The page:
A Data Science Approach to Understanding Residential Water Contamination in Flint
Jacob Abernethy (University of Michigan, Ann Arbor);Alex Chojnaki (Michigan Data Science Team);Chengyu Dai (Michigan Data Science Team);Arya Farahi (Michigan Data Science Team);Eric Schwartz (Ross School of Business);Jared Webb (Brigham Young University);Guangsha Shi (University of Michigan);Daniel T. Zhang (Michigan Data Science Team)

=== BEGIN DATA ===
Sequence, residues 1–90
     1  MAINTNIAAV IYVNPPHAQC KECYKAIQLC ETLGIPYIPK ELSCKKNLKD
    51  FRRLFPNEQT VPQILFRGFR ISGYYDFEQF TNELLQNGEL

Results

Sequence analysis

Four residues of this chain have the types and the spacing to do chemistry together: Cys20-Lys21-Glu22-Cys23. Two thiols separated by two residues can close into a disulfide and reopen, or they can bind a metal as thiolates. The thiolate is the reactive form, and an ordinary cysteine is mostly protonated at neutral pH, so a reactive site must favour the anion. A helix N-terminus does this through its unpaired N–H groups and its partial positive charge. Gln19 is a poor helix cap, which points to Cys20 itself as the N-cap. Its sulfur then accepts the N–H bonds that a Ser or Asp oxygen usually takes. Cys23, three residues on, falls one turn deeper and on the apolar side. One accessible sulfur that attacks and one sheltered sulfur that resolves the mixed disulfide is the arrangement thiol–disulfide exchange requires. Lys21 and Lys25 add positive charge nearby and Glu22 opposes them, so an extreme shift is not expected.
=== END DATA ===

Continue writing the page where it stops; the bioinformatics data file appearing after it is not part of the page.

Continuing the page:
The Flint Water Crisis was followed by a huge investment by residents and government officials to sample and test the water in Flint homes in order to understand the causes and extent of the lead contamination. This trove of data, most of which was made publicly available, is by far the largest dataset collected on lead in a municipality water system. In this paper we study several aspects of Flint’s water troubles, and we lay out a number of analytical and algorithmic results on lead poisoning, many of which generalize well beyond one city. For example, we show that elevated lead risks are surprisingly predictable, to a reasonable extent, and we explore various factors associated with elevated lead. These risk assessments, developed in large part via a crowdsourced prediction challenge at the University of Michigan, have been incorporated into an informational web and mobile application, funded by Google.org, designed to target Flint residents. We also explore questions of self-selection in the residential testing program, and what factors induce residents to voluntarily sample their water, when they test, and how often.